Urban Emotions? Debates on the City and Emotions in Berlin and Cairo (1860-1914)

Big-city dwellers are characterized by their urban surroundings even in their most mundane habits. This assumption informs a wide array of scientific inquiries into urbanity today. Between criminologists who analyze urban fear, sociologists who examine the erotic behavior of people in big cities, or anthropologists who shed light upon the emotional implications of gated communities, scholars seem to believe that the urban realm has an important impact on emotions. Are “urban emotions” therefore an essential consequence of life in the big city? Is there a history of urban emotions?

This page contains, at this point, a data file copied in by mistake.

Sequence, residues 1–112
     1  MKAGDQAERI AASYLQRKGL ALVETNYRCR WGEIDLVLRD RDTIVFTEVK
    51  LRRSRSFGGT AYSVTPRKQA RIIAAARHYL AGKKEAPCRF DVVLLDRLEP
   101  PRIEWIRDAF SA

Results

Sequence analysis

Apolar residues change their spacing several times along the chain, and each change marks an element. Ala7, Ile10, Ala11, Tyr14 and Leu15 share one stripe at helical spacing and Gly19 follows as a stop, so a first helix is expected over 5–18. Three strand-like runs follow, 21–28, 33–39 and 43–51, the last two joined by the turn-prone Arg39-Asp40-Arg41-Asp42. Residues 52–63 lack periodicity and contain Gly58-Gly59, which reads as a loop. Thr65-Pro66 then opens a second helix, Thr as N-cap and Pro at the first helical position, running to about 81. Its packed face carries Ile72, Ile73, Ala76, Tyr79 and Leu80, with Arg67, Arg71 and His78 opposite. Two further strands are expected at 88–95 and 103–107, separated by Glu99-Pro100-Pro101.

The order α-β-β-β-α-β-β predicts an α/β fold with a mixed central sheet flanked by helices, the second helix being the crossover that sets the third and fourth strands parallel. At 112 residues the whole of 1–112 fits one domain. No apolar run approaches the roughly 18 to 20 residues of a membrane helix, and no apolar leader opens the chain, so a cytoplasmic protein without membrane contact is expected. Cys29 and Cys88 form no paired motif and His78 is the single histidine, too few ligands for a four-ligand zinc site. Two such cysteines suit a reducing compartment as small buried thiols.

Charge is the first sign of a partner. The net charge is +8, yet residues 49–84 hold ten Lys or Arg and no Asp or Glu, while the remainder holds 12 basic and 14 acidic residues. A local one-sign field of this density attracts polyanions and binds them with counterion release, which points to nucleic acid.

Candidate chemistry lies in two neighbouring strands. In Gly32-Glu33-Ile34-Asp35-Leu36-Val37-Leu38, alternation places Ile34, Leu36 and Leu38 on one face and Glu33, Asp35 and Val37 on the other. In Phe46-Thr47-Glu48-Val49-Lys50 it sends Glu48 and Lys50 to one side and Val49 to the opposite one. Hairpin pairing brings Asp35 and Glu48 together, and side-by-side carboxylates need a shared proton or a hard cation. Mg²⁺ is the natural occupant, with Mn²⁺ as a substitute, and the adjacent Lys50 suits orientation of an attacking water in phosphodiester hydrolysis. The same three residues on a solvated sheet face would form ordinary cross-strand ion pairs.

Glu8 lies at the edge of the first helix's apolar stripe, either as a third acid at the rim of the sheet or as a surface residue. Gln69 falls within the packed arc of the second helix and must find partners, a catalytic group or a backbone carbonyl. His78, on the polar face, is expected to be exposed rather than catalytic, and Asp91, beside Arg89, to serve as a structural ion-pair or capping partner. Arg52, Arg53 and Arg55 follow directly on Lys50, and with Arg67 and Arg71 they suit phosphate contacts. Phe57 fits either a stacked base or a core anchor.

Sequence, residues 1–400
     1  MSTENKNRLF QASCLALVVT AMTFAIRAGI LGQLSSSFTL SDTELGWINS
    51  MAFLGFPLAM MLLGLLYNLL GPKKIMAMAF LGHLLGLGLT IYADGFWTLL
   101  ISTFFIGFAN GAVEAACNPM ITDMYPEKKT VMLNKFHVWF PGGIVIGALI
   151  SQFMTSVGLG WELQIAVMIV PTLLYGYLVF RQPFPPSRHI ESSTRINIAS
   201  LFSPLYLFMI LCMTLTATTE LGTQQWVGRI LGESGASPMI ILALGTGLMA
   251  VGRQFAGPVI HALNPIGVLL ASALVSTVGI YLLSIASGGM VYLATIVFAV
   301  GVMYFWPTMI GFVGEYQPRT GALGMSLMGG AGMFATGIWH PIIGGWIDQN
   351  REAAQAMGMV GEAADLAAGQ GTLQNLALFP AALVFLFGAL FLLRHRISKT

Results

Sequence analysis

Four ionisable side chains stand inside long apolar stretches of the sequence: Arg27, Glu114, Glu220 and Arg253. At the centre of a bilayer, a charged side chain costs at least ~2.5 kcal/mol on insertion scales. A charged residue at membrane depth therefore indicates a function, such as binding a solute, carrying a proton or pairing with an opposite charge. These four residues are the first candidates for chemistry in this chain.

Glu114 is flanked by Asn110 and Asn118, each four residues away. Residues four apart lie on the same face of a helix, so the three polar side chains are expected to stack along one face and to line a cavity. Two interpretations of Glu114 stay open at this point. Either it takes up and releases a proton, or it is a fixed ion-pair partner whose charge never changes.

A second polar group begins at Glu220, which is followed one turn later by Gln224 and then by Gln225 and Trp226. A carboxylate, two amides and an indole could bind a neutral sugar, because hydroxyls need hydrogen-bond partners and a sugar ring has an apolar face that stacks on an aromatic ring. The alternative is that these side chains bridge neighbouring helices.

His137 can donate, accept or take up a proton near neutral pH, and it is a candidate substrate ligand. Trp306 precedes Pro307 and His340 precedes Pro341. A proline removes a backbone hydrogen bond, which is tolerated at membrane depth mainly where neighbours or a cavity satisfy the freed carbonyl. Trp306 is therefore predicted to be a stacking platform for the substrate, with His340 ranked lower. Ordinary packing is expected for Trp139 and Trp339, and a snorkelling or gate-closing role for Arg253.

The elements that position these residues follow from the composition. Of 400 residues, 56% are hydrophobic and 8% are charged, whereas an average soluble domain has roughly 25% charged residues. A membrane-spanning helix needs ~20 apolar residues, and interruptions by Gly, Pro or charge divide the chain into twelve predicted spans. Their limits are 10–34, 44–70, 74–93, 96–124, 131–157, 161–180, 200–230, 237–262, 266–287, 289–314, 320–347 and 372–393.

The project analyzes the role emotions played in a phase of intensive urban change in two cities. It focuses on debates regarding the city and emotions as well as on shifts in emotional practices in Berlin and Cairo between 1860 and 1914. Did contemporary observers identify particular urban emotions? If so, which actors used the concept of urban emotions? Did debates about emotions influence urban change in Berlin and Cairo? As a way of providing answers to these questions, the project will utilize three case studies for each city. The analysis of Berlin and Cairo allows ultimately placing these questions in a global historical context.